Public Prayer in Its Place

Supreme Court straightens the church-state wall

The issue is heartfelt on both sides: Some parents want to uplift their children through public prayer at government-run schools, while other parents fear their children might be forced to accept someone else's religious beliefs.

But the US Supreme Court has come down decidedly on the side of keeping public schools from sponsoring any "particular" practice of public prayer.

The court's reasoning is instructive for all communities that face such debates. In rejecting officially sanctioned public prayers at high school football games in a Texas town, the 6-3 majority made the point that such a practice runs the danger of excluding some citizens from civic life - even if the motive is not to proselytize.

"It sends the ancillary message to members of the audience who are nonadherents that they are outsiders, not full members of the political community, and an accompanying message to adherents that they are insiders, favored members," wrote Justice John Paul Stevens for the majority.

That argument may be difficult to swallow in a country that remains predominately Christian. Polls show Americans favor student-initiated prayer at public school events. The court, with an eye more inclined to the Constitution than polls, nonetheless patched up the sometimes-porous wall between church and state.

Even though students would lead the prayers, the court said their words would not be "private" speech, as supporters of the Texas policy argued. Rather, they'd speak under official supervision, using school equipment, making their words "subject to particular regulations that confine the content and topic of the student's message."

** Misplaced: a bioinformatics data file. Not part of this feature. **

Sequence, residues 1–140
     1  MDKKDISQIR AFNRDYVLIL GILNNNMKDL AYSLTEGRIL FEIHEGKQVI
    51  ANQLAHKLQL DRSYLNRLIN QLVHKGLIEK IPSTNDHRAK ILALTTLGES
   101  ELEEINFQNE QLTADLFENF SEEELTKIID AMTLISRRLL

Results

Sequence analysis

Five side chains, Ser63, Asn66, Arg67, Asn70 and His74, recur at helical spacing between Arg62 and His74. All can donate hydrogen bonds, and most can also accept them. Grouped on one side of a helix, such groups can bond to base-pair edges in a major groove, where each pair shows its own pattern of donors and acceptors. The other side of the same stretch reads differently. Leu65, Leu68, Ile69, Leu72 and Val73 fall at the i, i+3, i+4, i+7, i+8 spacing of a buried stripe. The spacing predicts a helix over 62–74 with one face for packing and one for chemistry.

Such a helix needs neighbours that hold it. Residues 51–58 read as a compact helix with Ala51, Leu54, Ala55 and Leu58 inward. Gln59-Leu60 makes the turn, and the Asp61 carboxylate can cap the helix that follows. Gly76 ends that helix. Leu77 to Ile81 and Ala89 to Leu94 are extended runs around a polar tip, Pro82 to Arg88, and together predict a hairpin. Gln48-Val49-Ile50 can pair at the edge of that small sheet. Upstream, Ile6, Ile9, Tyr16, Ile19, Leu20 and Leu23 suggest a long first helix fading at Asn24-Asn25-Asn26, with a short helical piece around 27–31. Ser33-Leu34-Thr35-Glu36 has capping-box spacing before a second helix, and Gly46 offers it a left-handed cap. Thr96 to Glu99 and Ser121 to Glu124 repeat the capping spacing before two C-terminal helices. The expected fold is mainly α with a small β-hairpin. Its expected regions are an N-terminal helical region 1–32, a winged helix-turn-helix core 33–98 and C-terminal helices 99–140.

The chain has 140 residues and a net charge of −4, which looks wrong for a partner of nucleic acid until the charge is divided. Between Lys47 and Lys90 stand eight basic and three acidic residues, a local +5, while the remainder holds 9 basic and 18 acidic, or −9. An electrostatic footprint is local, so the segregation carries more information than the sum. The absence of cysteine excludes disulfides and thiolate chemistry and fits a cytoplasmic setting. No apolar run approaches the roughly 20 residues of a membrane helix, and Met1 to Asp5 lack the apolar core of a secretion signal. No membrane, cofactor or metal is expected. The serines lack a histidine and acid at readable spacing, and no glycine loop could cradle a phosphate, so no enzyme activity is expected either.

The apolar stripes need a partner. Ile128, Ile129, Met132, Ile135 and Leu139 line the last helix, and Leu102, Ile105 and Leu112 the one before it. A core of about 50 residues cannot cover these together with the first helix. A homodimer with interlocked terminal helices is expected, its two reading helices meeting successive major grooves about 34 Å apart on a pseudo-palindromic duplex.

The high court has had to do this kind of hair-splitting in many of its church-state decisions over the decades. But with each decision, Americans learn more about the wise balance between religion and government that helps keep both of them from eroding the other.

The spiritual desire to understand God does not need government help, and none of the many services of government - our collective embrace of others' needs - should be steered by adherents of a particular religion. The court wisely noted that the Constitution does not "prohibit any public school student from voluntarily praying at any time before, during, or after the school day."

The decision does not mean that public prayer has no place in public forums. It's ruled out only when government in some way approves the type of prayer. Indeed, the strong desire to place prayer in schools can be channeled into private settings such as summer camps or neighborhood ball games.

The desire to help children by teaching them to pray in community settings does not need to step on the First Amendment. That desire will find its own safe place, without offending others.

(c) Copyright 2000. The Christian Science Publishing Society

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